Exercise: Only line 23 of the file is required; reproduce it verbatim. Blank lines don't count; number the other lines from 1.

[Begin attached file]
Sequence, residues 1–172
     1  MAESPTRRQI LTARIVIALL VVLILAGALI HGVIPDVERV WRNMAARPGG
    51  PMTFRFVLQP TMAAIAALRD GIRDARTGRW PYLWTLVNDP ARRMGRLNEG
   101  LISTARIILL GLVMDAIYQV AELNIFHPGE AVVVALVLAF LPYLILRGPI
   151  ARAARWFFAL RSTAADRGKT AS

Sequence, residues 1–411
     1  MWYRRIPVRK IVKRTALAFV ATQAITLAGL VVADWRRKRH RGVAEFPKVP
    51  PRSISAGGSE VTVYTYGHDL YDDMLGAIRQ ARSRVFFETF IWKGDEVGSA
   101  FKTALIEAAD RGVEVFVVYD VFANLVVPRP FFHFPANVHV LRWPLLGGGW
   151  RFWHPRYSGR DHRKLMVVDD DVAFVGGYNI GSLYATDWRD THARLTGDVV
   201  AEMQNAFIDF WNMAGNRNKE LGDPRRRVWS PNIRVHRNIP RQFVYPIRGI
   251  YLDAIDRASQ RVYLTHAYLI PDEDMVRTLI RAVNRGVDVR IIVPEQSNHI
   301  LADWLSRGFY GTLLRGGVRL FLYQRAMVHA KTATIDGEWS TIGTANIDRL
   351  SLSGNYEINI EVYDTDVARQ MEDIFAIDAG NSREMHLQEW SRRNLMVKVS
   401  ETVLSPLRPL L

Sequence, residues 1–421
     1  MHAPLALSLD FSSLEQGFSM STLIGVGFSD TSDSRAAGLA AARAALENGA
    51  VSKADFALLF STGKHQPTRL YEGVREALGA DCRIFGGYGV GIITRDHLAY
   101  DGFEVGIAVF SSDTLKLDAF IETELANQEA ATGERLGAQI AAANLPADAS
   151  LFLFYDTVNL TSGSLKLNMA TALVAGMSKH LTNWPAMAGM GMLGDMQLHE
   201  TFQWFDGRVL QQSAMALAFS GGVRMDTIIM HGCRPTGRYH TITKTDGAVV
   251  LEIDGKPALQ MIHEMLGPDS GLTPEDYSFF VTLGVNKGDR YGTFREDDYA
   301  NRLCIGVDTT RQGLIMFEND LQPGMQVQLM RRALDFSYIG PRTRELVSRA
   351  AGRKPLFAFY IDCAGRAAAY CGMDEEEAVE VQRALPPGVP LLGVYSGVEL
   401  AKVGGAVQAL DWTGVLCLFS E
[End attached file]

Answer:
   301  NRLCIGVDTT RQGLIMFEND LQPGMQVQLM RRALDFSYIG PRTRELVSRA